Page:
October 7, 2008ByAnthony Capkun
The Universal Powerline Association (UPA)—an industry consortium providing a forum for the design and development of interoperable and open-specs for Powerline communications—is issuing two market requirement documents (MRDs) for Powerline communication-based Smart Grid and Command & Control (C&C) applications.
The MRDs for Smart Grid and Command & Control applications share three fundamental principles:
• Delivering interoperability across all C&C and Smart Grid applications;
• Maintaining an open, non-proprietary protocol meeting and exceeding industry requirements; and
• Facilitating international regulatory approvals.
Command & Control MRD focuses exclusively on in-home applications
and those that tie into the Smart Grid, such as HVAC, appliance,
security, lighting and energy management applications. The UPA’s
C&C working group collaborates with UPA’s Smart Grid working group
for the definition of the residential gateway interface.
shall develop a single technical specification and certification
process based on the UPA MRD. We are paying special attention to energy
consumption requirements,” said Paul Bertrand, C&C Working Group
chair. “New regulations in Europe and the U.S. require low-power
devices and place restrictions on standby power, and the MRD has
arrived on time to take full account of these requirements in the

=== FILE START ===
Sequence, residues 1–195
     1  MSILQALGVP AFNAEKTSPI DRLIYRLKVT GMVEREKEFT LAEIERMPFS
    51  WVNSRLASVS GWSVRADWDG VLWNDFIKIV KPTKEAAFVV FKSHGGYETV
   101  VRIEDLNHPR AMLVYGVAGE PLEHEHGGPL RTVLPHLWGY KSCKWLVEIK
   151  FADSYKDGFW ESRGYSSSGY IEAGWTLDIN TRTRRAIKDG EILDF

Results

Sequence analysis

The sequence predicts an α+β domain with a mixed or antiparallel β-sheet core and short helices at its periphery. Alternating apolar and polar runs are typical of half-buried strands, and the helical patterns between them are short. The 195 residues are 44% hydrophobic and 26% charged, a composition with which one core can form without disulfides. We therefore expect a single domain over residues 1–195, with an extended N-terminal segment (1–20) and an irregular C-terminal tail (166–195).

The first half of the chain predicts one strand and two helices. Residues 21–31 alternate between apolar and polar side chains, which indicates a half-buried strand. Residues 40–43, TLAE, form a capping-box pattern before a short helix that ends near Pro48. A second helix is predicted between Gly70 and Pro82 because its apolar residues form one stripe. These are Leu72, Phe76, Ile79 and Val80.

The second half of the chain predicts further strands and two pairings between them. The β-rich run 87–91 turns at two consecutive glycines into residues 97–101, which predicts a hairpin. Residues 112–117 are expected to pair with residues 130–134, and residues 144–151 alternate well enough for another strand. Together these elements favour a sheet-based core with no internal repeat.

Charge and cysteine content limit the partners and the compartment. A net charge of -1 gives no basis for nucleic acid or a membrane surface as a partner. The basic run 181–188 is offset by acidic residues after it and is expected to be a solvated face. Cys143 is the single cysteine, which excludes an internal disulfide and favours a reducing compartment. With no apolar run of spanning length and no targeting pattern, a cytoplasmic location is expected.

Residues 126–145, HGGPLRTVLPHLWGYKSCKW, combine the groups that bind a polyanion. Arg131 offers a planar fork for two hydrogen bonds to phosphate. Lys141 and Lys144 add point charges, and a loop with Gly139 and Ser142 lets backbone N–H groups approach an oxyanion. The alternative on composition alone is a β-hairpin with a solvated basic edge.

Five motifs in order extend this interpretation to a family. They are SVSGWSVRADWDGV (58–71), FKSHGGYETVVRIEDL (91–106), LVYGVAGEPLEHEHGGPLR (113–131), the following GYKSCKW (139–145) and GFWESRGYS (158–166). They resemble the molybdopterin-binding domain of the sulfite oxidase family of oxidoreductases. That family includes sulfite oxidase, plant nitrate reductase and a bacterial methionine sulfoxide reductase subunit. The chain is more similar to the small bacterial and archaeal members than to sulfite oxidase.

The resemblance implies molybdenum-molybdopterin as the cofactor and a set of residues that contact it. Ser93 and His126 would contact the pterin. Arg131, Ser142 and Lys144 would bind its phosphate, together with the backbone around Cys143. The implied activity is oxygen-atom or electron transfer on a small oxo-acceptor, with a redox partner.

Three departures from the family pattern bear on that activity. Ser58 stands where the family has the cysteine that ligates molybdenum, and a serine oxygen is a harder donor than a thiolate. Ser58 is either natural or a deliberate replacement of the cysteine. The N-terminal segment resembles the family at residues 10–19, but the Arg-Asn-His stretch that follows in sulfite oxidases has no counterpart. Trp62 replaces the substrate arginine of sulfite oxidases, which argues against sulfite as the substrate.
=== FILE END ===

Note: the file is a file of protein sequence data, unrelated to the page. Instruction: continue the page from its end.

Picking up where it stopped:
development of a specification for environmentally friendly Command
& Control devices.”
Smart Grid MRD provides a baseline for clarifying the multiple
economic, commercial, legislative and environmental requirements
against which UPA members develop products and services. Smart Grids
must help utilities intelligently integrate the actions of all
components and users connected to the grid. This holistic
infrastructure defines the UPA Smart Grid from generation, transmission
& distribution to advanced metering. The considerations include
reliability requirements in a range of operating environments.
Smart Grid MRD tackles a range of grid issues, such as necessary data
speeds that allow the infrastructure and product/solutions on the grid
to be instantaneously responsive in a range of applications. It also
tackles robust levels of security to defend against cyber-intrusion.
The UPA MRD defines how the entire value chain of the Smart Grid
network needs to operate and interoperate, taking into account existing
infrastructure, processes and approvals, as well as futureproofing with
new and proved techniques and technologies.
utility, a Smart Grid is a commercial imperative as well as a
technological implementation,” said Chris Graham-Fielding, UPA Smart
Grid Working Group chair, explaining that utilities are faced with
complying with a range of environmental targets. “These include, for
example: an 8% reduction in greenhouse gas emissions from 1990 levels
by 2008-2012 (Kyoto) or increasing the share of electricity from
renewable energy systems to 21% of gross electricity consumption by
2010, and reducing energy intensity by a further 1% per year until
reason, said Graham-Fielding, one cannot speak of a ‘single’ element in
a Smart Grid, but rather an end-to-end cohesive solution. “It must
provide reliable and cost-effective two-way communication across and
between vast internal and edge assets,” added Graham-Fielding. “From
automated metering intelligence/infrastructure (AMI) and transmission
& distribution intelligence through to the inclusion of supervisory
control and data acquisition (SCADA) or distributed power control to
demand side management, the UPA PLC-enabled Smart Grid is key to
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